Westpac will close its branch in Green Island in less than a fortnight, raising concern for people lacking access to internet and transport.
A Westpac spokesman said more customers were doing their banking on the phone or online and fewer customers were visiting its branch in Main South Rd.
“We will be closing this branch on Wednesday, October 23.”
Westpac would concentrate its services at other nearby branches, such as South Dunedin, he said.
No-one would lose their job as a result of the branch closure, as its staff would be redeployed to other branches.
The automated teller machine on an exterior wall of the branch would be removed.
Westpac customers could use the Kiwibank ATM in Green Island for free, he said.
Greater Green Island Community Network chairman and Green Island School principal Steve Hayward said he asked Westpac to keep the branch open and its impending closure was “sad”.
“I feel for the elderly in our community.”
A branch in Green Island was much easier for the elderly in the greater Green Island area to access than the branch in South Dunedin.
A direct bus route between Green Island and South Dunedin was stopped when the bus hub in central Dunedin was established.
The branch would be a loss for the many businesses in Green Island who used it to bank cash.
Greater Green Island Business Association chairman and Green Island Night ‘n Day owner Antony Duthie said he was disappointed Westpac was closing the branch because it was “well used” by the community in the Greater Green Island area.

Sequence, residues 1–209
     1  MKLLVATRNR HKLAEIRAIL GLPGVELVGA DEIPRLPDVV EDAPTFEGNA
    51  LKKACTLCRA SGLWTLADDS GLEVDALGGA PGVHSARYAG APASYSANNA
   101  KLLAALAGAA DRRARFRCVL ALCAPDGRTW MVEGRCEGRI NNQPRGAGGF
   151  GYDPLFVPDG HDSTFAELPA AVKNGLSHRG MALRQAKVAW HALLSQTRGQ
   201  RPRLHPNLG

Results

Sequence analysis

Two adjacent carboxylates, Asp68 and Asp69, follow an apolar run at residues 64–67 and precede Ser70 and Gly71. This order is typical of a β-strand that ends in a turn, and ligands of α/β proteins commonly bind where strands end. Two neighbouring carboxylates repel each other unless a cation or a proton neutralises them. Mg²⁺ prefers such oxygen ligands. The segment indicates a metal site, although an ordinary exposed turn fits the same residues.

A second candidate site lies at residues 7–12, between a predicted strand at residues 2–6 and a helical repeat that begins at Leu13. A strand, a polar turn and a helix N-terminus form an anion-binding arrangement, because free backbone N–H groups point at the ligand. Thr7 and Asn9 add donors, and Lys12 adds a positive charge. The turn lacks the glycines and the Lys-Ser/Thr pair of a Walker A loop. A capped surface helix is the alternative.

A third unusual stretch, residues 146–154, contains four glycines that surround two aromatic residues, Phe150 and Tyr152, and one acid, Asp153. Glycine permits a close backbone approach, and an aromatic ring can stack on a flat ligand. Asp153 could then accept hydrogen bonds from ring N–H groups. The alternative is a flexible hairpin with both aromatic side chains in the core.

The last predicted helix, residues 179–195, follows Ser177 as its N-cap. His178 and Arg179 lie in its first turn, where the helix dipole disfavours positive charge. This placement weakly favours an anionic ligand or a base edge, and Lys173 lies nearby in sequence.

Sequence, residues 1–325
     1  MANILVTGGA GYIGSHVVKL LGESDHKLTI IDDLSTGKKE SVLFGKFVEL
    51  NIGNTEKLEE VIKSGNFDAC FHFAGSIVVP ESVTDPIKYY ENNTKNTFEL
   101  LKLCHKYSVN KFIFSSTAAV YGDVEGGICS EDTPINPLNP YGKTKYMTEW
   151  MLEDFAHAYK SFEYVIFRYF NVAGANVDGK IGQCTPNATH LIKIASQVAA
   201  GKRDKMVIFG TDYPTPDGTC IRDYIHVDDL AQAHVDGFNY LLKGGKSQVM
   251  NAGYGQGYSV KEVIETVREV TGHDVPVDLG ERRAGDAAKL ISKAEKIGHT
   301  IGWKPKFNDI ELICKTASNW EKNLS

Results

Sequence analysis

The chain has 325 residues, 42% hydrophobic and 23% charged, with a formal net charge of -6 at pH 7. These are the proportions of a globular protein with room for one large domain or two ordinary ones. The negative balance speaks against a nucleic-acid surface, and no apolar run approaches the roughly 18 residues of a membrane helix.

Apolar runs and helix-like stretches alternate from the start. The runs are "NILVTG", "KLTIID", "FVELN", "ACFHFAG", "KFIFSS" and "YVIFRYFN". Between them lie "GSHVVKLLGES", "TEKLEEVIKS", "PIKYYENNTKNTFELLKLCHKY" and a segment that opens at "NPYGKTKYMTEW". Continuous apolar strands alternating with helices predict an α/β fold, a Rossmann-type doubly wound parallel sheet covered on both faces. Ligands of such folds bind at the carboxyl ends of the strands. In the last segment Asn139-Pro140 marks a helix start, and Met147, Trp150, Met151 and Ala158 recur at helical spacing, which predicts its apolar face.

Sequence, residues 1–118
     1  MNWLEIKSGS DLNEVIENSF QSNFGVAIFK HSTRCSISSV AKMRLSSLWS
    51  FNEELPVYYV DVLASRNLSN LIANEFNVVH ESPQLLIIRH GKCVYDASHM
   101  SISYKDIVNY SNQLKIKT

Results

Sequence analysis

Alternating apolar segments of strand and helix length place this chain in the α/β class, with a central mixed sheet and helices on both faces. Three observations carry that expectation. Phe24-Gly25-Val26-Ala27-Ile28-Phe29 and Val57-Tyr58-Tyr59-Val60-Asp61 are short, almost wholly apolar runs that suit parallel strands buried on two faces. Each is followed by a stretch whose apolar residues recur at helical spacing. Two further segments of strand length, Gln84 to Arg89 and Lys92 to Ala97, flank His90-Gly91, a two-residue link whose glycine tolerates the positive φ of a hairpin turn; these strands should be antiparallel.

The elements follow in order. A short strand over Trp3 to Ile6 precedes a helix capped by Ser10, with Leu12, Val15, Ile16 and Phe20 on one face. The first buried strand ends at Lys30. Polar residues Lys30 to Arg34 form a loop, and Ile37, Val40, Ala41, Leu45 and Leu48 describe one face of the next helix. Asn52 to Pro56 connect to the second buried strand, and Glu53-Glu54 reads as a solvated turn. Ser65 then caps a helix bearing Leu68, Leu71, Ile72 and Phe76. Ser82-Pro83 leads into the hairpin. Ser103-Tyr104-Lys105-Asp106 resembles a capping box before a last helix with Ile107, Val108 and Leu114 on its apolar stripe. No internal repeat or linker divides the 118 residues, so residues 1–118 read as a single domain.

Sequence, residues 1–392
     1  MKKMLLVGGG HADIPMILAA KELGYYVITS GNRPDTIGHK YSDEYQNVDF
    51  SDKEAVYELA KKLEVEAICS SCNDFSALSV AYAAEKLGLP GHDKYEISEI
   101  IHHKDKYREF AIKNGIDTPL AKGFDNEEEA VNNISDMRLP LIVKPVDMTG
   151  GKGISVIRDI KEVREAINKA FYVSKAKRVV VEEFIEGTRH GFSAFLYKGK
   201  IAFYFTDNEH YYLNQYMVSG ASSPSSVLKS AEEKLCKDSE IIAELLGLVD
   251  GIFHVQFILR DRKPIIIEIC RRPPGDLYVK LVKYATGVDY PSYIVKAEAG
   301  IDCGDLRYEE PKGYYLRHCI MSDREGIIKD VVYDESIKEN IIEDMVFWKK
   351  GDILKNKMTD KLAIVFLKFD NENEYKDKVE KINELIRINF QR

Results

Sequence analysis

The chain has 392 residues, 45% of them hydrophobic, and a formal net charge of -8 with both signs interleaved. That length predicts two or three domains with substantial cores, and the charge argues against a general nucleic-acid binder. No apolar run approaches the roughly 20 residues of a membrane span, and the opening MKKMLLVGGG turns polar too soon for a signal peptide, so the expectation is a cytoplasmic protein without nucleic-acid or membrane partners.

“I thought there would have been enough patronage to keep it going.”
The elderly would be hit the hardest because they found it harder to access online banking or get to other branches in Dunedin.
The branch closure was bucking a trend of many new businesses opening in Green Island, such as NPD service station and Dunedin Truck Servicing Ltd.
“Green Island is not the quiet little place people think it is.”
Colin Weatherall, former Dunedin city councillor for the Saddle Hill/Green Island ward, said he has been a Westpac customer for more than 45 years and regularly used the branch – for personal banking and for business, as a Brighton Gala Day co-organiser.
The branch would be missed, especially by the “senior community”.
He preferred to talk to bank staff in person rather than online or by phone.
“I’m passionate about people being able to do business across a counter.”
He was pleased no staff had lost their jobs – “that’s a positive” – but he was disappointed the ATM would be removed.
“It’s a machine of convenience and I use it once or twice a week.”
Otago Chamber of Commerce chief executive Dougal McGowan said the closure was a “sign of the times” as it was costly for any business to keep its doors open, especially when fewer customers were visiting it.
As customers shifted to buying goods and accessing services online, society needed to investigate how to keep “all sectors of the community connected”.
“Whether it’s the elderly, or those with accessibility issues – how do we try and meet all of those needs?”